Dele Olajide wrote:
This is very interesting! Could you elaborate a bit more? If it is planned for the core library, is it agreed with Jitsi development team already? Will it be based on Rayo or any extensions of Colibri or may be something else? Do you have a rough estimate when it will be introduced in the core library (e.g. this quarter, this year)? I’d be greatful for any information on this topic.
Thanks for this link! I was not aware of it. Yes. It seems to go in the right direction.
Also, you look at an alternative way for the third party focus control. See https://github.com/jitsi/jitsi-meet/issues/34
Well, this approach relies too much on the client-side logic. This is why I’m trying to avoid this kind of solutions. I want my clients to be as dumb as possible, so that it is easy to create new Web clients or standalone apps.
VirtualConnection was used to implement a virtual user, you could use Smack or any client library instead.
Ah, OK. That explains a few things.
MUCEventListener allowed me to get global MUC join/leave room events. You really don’t need that to implement a third party focus especially if you decide to use an alternative room implementation as wevryone does with WebRTC.
Exactly. I came to the same conclusion today. Basically, I already have a non-XMPP based way of chat control and I receive corresponding events. I just need to use them instead of what MUCEventListener reports.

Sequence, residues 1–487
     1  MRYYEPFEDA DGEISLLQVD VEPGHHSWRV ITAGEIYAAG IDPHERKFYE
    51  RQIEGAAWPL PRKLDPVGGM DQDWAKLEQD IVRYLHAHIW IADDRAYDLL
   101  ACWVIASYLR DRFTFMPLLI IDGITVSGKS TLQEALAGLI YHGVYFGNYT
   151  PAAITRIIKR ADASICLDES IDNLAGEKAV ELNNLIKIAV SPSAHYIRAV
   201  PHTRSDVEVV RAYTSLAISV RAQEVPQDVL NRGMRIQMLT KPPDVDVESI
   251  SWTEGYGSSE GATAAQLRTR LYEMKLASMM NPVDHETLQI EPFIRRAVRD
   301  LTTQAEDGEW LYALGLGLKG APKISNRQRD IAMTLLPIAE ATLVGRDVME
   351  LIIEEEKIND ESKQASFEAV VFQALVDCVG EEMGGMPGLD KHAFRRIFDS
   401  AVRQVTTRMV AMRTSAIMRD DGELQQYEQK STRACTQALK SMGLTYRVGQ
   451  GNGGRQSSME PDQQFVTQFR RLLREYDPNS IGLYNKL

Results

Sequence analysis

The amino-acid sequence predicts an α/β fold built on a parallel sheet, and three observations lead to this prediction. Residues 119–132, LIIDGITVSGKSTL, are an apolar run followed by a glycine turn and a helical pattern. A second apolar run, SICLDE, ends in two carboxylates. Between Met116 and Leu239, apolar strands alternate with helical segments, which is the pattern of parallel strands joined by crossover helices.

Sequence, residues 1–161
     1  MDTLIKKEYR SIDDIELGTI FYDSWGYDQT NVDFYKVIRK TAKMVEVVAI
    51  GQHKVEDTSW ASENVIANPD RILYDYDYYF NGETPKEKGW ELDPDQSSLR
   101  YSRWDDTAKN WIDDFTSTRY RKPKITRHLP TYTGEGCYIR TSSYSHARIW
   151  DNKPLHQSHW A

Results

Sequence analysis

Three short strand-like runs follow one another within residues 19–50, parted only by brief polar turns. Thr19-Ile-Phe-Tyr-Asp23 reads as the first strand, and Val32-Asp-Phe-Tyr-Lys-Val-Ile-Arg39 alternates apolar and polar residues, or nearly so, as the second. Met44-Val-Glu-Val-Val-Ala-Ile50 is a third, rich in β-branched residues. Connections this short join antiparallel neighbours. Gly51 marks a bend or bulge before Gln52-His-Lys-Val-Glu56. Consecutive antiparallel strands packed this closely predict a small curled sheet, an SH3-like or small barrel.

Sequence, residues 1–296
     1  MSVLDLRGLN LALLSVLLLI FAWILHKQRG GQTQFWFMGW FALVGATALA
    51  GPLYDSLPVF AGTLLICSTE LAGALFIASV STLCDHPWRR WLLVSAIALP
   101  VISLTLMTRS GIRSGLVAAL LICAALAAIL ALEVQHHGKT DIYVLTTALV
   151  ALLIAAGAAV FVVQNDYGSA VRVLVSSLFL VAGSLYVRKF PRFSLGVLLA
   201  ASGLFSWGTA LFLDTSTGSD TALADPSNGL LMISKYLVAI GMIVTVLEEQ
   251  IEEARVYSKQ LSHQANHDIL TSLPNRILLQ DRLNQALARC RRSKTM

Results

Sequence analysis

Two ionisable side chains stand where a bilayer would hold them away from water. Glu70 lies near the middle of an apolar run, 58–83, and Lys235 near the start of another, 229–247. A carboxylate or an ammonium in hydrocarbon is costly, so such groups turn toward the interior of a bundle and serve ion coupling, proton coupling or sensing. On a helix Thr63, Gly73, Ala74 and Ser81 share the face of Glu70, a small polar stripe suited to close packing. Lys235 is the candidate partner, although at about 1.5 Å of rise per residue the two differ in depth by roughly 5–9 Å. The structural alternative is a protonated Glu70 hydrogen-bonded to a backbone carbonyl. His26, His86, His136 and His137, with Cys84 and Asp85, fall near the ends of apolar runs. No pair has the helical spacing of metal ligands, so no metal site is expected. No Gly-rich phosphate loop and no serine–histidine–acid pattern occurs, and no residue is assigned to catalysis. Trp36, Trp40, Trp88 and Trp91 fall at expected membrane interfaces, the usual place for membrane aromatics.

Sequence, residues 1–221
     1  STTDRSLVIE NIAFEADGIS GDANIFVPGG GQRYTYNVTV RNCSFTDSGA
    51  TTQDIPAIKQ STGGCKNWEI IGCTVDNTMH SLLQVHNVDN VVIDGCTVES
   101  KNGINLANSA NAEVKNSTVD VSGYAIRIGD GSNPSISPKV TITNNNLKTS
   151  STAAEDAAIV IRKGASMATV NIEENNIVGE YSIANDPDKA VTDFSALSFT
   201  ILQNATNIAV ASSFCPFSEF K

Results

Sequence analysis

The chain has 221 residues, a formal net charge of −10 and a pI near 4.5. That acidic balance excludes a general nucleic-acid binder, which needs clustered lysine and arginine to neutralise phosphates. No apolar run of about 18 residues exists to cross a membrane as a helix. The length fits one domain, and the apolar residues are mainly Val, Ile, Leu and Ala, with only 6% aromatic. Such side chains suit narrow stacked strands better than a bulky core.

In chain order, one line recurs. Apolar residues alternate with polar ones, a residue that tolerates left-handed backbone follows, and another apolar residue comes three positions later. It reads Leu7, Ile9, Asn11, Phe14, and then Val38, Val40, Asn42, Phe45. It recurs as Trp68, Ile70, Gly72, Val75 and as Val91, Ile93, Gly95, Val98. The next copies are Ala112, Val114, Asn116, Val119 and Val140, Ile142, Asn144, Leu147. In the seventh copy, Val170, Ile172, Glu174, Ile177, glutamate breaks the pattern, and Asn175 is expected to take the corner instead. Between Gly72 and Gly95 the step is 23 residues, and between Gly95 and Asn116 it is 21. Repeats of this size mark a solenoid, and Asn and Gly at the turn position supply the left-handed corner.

For a very small footprint XMPP that is even more up to date than Openfire, take a look at Prosdy.
Yes. I already started looking at it. It is really small. But getting MUCEventListener-like events from it could be problematic, unless you want to implement support for chat rooms as an external component. But Prosody is still nice a light-weight XMPP server that can be used for delivering XMPP messages.
Actually, I went even a bit further in the direction of eliminating a need for an XMPP server. I created an experimantal ExternalSocketComponent using Whack. It is like ExternalComponent and can be started either to receive connections or to establish connections to remote ExternalSocketComponent. Internally, it wraps a usual Component, just like ExternalComponent does. The difference is that now two components may talk to each other directly via sockets. They do not need any XMPP server to exchange XMPP packets between each other. In scenarios, where you are more interested in the XMPP payload, but not so much in how it was delivered, it could be useful. Obviously, it misses many features of a real XMPP server, e.g. presence handling, chat rooms, etc. To test this approach, I took the vanilla Jitsi Video Bridge component and wrapped it into an ExternalSocketComponent. And it seems to work just fine. I can now connect from my client to the VideoBridge directly over a socket, bypassing any XMPP server.